No, you won't. Ogre Lawless points to a good rule of thumb: you're more likely to get food poisoning in a commercial setting than when you're in your own kitchen and have control of ingredients. If you're careful with raw meat and wash your hands and surfaces, you'll be fine. No need to go wild with antibacterials.
posted by holgate at 3:55 PM on March 14, 2006

It's trisoclan usually in the antibacterial soap (also some antigingivitis toothpastes). It seems pointless to me since soap in itself is pretty antibacterial. If I remember correctly they used to (still?) say that the chance of resistance developing was low because trisoclan has multiple targets. There's an awful lot of bacteria out there though...

I have no idea about the gingivitis thing. You'd like to think it's in there after being shown to be effective.
posted by sevenless at 3:58 PM on March 14, 2006

What holgate said. Wash your dishes with soap and water until they look clean. Don't touch stuff after you've touched raw meat. You'll be just fine.
posted by rxrfrx at 4:08 PM on March 14, 2006

Remember, humans evolved around campfires, cooking their food on wooden sticks. We're pretty robust creatures.

The other advice in this thread is excellent... just keep things basically clean. Treat raw chicken as contaminated with pure nasty until it's completely cooked. (it's not all that bad, but some of it is). And bleach is your friend.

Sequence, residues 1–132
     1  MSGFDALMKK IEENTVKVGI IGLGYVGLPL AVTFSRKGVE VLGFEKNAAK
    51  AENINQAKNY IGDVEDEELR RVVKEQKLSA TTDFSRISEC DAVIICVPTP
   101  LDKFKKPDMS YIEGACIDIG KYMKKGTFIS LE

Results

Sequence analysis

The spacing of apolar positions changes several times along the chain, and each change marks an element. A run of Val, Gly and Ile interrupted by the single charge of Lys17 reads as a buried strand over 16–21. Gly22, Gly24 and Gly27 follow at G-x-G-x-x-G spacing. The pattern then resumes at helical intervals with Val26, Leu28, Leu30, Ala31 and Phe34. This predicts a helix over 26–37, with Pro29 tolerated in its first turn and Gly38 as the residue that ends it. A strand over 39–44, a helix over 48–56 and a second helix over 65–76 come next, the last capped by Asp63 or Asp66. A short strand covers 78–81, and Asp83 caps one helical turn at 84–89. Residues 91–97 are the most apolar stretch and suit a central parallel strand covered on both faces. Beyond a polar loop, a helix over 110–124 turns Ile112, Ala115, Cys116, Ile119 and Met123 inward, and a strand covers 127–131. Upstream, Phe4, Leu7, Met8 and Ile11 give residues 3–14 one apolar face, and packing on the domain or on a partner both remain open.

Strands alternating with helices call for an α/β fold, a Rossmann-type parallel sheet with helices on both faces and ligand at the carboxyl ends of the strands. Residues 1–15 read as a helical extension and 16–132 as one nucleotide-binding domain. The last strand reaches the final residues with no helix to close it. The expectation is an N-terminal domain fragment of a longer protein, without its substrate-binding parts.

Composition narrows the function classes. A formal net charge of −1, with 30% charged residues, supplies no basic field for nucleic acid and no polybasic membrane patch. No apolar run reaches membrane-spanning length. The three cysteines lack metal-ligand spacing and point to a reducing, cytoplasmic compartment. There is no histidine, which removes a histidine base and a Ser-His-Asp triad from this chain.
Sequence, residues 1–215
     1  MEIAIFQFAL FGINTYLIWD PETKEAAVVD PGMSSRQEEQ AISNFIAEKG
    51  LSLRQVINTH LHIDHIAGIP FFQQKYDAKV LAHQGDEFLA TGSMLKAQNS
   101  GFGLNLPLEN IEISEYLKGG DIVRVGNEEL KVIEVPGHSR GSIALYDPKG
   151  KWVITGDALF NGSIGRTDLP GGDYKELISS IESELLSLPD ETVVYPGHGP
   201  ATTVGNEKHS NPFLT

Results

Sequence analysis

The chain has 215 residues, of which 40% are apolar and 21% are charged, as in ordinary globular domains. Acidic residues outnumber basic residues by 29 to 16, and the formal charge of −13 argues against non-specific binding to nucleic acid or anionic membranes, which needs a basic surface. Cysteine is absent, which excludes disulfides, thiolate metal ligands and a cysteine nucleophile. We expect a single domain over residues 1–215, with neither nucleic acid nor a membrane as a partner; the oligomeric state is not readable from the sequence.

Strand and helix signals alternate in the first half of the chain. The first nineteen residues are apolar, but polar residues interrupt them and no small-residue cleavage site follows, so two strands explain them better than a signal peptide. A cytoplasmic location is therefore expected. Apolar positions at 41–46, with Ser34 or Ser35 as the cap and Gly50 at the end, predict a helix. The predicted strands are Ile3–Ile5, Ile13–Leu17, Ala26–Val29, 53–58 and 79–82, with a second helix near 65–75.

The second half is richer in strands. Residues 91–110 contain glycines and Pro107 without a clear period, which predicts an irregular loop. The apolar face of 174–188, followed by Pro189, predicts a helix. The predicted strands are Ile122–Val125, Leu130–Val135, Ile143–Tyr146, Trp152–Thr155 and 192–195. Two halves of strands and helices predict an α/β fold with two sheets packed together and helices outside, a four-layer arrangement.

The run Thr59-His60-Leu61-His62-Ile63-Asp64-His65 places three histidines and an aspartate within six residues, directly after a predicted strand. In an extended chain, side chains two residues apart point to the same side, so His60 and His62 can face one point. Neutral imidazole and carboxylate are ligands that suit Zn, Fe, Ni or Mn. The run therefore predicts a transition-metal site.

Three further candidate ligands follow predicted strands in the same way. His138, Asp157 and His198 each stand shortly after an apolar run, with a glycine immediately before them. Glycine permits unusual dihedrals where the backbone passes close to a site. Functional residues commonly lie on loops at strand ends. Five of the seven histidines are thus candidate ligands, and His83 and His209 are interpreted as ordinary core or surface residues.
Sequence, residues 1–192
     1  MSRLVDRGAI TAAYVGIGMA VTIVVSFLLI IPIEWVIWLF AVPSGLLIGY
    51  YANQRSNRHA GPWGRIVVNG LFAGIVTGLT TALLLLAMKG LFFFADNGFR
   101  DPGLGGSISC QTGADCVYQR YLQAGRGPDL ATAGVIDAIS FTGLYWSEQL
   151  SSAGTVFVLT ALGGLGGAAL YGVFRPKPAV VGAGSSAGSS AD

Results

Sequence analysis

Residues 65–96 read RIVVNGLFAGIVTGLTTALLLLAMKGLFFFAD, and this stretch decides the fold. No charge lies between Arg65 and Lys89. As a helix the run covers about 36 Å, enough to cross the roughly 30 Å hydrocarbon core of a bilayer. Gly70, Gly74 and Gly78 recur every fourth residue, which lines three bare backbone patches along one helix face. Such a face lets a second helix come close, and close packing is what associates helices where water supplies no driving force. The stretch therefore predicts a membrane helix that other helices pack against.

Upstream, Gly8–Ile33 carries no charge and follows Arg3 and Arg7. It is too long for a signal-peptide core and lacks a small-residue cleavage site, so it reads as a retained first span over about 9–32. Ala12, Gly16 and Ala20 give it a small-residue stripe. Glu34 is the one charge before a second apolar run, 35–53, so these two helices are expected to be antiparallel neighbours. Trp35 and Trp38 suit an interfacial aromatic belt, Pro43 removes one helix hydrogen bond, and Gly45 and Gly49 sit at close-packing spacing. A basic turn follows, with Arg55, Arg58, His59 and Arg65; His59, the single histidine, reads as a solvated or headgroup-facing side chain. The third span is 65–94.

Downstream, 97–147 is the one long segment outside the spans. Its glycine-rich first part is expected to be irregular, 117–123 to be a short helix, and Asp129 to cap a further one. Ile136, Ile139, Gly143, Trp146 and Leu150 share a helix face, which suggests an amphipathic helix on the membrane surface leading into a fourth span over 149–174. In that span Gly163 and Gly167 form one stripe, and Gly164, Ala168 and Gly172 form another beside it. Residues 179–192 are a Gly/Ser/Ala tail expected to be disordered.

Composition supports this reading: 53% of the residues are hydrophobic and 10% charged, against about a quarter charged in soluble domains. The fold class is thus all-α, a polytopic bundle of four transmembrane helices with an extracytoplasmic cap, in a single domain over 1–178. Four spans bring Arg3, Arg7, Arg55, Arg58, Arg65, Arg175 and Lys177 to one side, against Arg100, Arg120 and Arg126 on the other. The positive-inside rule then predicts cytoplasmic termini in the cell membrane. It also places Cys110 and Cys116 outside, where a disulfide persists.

I'm fond of the Dobie scrubbers, but they tend to get gunked up after awhile. When I need to clean one, I manually remove any gunk stuck to it, and then soak it in a strong bleach solution overnight. That generally returns it to nearly-new state.

As mentioned, a quick run through the microwave is also a good way to sterilize sponges. Remember that it's not some magic ability of microwaves to kill bacteria (they have none), but rather that the microwaves boil the water in the sponge, which kills pretty much everything in it. That means that the sponge needs to be soaked when you nuke it... nuking a dry sponge A) won't work, and B) may damage the sponge or the microwave.
posted by Malor at 4:35 PM on March 14, 2006

# You can also put that nasty sponge in the dishwasher (instead of the microwave).

Maybe I'm missing something, but how does putting an absorbent sponge in the dishwasher make it clean? Even if you dry it out completely first, it is still full of lots of funky stuff, and will just quickly absorb any water thrown at it. Then it is hot, wet, soapy, and full of funky stuff.

Isn't is better to just replace the sponge, or have multiple sponges?

As for the original question - wash your hands thoroughly after handling raw chicken. Always a good idea with any meat, but chicken is the most important. To speed things up, you can also use disposable latex gloves for the raw chicken. Very cheap at warehouse stores.
posted by bh at 4:56 PM on March 14, 2006

Wooden cutting boards are safer than plastic (just a couple of high ranking google hits).

I imagine the same goes for wood spoons, but I'm not promising anything.

Sorry if that has been mentioned already, but the thread is getting a little long..
posted by Chuckles at 5:34 PM on March 14, 2006

Your perspective is out of wack. The percentage of people that get sick from eating bad food is extremely low. Look up the numbers and then compare to other risks and get some logical perspective on this.